Mentions: The technical success rate was 99.0% (95% confidence interval [CI], 94.3-99.8%), and the clinical success rate was 89.6% (95% CI, 81.9-94.2%). On case of technical failure was encountered as a loop that formed in the catheter (Fig. 3), which was detected the day after the procedure. The catheter was removed and successfully re-inserted without any complications.

Bottom Line: The definitions of technical success, clinical success, and complications were defined prior to the study.The technical and clinical success rates were 99.0% (95/96) and 89.6% (86/96), respectively.Nine cases of minor complications and eight major complications were observed, including seven cases of meningitis, and one retained catheter requiring surgical removal.

View Article: PubMed Central - PubMed

Affiliation: Department of Radiology, Seoul National University Bundang Hospital, Seongnam 463-707, Korea.

ABSTRACT

Objective: To evaluate the rates of technical success, clinical success, and complications of fluoroscopy-guided lumbar cerebrospinal fluid drainage.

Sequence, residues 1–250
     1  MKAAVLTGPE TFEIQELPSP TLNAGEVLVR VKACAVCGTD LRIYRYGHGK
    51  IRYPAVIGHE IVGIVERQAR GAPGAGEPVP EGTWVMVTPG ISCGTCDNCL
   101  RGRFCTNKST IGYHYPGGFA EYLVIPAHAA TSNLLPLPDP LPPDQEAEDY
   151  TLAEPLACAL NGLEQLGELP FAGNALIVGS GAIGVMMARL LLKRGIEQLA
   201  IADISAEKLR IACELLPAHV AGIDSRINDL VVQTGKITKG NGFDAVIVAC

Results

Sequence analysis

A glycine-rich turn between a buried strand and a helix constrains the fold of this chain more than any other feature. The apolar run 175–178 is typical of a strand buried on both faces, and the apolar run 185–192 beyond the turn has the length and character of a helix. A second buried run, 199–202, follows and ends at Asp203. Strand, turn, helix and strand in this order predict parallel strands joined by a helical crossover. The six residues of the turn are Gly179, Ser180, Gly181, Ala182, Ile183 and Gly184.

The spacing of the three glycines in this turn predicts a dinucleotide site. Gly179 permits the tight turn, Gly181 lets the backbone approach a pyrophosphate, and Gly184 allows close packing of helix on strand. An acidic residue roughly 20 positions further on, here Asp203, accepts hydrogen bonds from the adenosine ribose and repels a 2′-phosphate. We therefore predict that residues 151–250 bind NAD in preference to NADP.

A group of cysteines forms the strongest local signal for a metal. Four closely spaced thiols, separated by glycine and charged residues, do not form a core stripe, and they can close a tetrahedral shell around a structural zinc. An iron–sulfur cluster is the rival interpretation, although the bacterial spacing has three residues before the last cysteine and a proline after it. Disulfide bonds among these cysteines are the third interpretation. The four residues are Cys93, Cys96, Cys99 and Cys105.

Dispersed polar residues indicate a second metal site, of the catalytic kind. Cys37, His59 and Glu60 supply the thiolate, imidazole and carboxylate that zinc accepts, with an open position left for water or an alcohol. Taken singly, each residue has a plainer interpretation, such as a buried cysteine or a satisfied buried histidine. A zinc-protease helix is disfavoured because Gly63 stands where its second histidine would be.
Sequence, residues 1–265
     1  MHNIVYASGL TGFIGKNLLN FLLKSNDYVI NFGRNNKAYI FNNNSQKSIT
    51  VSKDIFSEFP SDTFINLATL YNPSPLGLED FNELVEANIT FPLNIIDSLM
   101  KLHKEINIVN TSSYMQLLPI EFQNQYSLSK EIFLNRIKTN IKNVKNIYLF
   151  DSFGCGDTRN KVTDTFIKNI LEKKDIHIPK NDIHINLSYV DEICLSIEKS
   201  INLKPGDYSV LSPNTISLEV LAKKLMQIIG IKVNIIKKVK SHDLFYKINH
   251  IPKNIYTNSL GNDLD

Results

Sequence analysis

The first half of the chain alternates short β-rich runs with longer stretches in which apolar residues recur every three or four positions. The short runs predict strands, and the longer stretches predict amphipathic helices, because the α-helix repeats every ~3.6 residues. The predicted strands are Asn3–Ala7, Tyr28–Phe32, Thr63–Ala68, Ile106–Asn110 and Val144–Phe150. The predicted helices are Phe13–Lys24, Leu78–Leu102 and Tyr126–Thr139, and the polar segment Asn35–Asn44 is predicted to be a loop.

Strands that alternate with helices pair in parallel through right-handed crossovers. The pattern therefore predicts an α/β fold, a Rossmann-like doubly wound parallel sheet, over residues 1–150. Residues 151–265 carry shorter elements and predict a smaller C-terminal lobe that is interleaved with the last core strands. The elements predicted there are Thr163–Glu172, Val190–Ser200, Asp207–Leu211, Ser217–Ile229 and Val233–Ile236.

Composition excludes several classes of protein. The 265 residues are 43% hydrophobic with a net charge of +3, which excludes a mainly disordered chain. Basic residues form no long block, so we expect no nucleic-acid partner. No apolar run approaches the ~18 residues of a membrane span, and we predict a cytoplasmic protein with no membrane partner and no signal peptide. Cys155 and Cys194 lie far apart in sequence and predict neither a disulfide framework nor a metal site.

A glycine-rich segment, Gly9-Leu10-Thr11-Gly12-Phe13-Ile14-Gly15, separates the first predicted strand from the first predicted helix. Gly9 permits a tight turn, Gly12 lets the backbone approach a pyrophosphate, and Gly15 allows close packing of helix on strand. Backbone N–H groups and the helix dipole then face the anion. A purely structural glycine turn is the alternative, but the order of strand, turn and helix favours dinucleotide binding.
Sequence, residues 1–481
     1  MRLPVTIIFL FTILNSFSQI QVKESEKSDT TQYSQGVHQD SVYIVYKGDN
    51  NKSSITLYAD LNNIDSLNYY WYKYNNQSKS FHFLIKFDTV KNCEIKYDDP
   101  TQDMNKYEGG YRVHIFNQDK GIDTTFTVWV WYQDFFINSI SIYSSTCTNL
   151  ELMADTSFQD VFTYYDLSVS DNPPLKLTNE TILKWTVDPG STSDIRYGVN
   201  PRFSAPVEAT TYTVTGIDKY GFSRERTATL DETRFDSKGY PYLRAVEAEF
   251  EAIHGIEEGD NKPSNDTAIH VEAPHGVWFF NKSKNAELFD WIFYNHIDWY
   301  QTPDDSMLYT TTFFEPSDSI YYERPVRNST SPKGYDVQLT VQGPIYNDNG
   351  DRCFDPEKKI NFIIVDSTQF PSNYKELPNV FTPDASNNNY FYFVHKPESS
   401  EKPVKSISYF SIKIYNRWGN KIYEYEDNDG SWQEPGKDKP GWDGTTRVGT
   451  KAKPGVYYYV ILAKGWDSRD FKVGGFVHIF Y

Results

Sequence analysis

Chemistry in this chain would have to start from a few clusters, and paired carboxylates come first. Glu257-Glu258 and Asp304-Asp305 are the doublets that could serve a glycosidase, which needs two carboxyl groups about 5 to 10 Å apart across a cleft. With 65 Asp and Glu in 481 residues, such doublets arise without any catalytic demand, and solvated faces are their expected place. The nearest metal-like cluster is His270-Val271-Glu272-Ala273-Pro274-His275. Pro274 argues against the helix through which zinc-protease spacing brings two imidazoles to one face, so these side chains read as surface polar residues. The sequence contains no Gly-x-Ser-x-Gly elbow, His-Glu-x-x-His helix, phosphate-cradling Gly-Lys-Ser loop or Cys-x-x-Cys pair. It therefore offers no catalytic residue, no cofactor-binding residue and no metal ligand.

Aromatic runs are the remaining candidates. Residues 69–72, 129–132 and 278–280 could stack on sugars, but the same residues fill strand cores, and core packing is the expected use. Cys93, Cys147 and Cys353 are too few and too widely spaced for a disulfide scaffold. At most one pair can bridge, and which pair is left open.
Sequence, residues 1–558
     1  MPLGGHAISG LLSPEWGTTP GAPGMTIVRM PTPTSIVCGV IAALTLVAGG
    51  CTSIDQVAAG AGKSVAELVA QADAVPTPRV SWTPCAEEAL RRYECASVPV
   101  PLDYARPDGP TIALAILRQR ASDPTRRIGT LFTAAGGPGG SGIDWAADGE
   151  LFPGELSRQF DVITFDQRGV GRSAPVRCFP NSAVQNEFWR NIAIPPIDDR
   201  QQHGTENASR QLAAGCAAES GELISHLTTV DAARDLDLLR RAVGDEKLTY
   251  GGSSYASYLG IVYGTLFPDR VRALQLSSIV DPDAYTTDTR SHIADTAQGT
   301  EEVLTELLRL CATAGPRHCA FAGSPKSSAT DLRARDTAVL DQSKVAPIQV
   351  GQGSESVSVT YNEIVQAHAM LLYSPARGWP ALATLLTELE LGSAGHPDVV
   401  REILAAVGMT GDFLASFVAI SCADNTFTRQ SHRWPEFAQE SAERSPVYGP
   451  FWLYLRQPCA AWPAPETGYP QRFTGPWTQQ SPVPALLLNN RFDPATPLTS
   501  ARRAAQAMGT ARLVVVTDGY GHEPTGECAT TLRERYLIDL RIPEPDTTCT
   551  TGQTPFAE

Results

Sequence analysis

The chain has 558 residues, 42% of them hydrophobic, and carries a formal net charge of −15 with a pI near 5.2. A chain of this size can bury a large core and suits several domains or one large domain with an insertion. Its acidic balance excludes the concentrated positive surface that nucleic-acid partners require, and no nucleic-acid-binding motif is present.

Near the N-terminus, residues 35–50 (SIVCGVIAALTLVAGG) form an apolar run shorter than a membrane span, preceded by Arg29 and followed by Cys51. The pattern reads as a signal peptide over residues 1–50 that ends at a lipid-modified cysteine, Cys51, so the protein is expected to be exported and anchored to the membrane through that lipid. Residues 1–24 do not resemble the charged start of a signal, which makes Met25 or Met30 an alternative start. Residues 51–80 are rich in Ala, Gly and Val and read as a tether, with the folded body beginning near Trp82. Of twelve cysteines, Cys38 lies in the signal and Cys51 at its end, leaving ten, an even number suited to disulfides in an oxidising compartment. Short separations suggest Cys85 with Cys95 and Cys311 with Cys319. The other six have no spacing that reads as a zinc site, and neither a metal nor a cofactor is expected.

Materials and methods: This retrospective study was approved by the Institutional Review Board of our hospital, and informed consent was waived. Ninety-six procedures on 60 consecutive patients performed July 2008 to December 2013 were evaluated. The patients were referred for the fluoroscopy-guided procedure due to failed attempts at a bedside approach, a history of lumbar surgery, difficulty cooperating, or obesity. Fluoroscopy-guided lumbar drainage procedures were performed in the lateral decubitus position with a midline puncture of L3/4 in the interspinous space. The catheter tip was positioned at the T12/L1 level, and the catheter was visualized on contrast agent-aided fluoroscopy. A standard angiography system with a rotatable C-arm was used. The definitions of technical success, clinical success, and complications were defined prior to the study.

Results: The technical and clinical success rates were 99.0% (95/96) and 89.6% (86/96), respectively. The mean hospital stay for an external lumbar drain was 4.84 days. Nine cases of minor complications and eight major complications were observed, including seven cases of meningitis, and one retained catheter requiring surgical removal.

Conclusion: Fluoroscopy-guided external lumbar drainage is a technically reliable procedure in difficult patients with failed attempts at a bedside procedure, history of lumbar surgery, difficulties in cooperation, or obesity.

No MeSH data available.


Related in: MedlinePlus